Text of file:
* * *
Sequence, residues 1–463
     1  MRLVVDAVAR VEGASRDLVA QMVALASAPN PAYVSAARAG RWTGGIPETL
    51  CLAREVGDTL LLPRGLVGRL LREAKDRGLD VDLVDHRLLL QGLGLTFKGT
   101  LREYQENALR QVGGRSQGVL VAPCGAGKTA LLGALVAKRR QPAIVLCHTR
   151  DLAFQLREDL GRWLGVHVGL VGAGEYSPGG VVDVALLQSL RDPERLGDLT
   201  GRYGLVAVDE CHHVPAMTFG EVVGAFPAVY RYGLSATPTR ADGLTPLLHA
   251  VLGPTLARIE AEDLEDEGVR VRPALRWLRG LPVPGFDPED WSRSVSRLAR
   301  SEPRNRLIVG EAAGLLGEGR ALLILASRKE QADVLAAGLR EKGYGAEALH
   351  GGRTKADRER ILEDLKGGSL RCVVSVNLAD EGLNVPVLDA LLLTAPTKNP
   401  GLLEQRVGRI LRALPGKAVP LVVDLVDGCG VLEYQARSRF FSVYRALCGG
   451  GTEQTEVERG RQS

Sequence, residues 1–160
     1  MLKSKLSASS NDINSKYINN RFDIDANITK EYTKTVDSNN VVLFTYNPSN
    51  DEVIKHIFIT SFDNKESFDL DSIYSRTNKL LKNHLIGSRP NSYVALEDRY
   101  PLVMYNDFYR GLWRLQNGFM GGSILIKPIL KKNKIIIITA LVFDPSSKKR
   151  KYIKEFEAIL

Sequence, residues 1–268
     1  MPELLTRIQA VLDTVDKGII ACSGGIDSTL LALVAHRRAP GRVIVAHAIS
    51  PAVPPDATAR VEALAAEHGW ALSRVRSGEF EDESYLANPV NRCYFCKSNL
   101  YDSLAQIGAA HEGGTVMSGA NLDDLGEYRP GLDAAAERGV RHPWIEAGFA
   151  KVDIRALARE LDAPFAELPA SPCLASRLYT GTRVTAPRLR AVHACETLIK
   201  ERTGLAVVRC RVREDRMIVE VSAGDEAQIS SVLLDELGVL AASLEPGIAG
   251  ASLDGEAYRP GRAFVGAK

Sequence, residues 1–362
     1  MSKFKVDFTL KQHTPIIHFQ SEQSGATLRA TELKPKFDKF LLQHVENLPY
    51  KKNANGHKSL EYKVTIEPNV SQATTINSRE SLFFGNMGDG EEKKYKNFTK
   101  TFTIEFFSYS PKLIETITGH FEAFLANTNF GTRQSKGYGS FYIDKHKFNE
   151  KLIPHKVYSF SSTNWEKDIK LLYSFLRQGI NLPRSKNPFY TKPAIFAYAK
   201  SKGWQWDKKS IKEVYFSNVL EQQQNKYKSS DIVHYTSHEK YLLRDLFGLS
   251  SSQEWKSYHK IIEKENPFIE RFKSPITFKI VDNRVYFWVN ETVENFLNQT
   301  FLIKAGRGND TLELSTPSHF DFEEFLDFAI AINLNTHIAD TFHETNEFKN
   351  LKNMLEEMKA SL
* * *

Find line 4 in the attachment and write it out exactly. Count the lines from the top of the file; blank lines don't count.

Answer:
   101  LREYQENALR QVGGRSQGVL VAPCGAGKTA LLGALVAKRR QPAIVLCHTR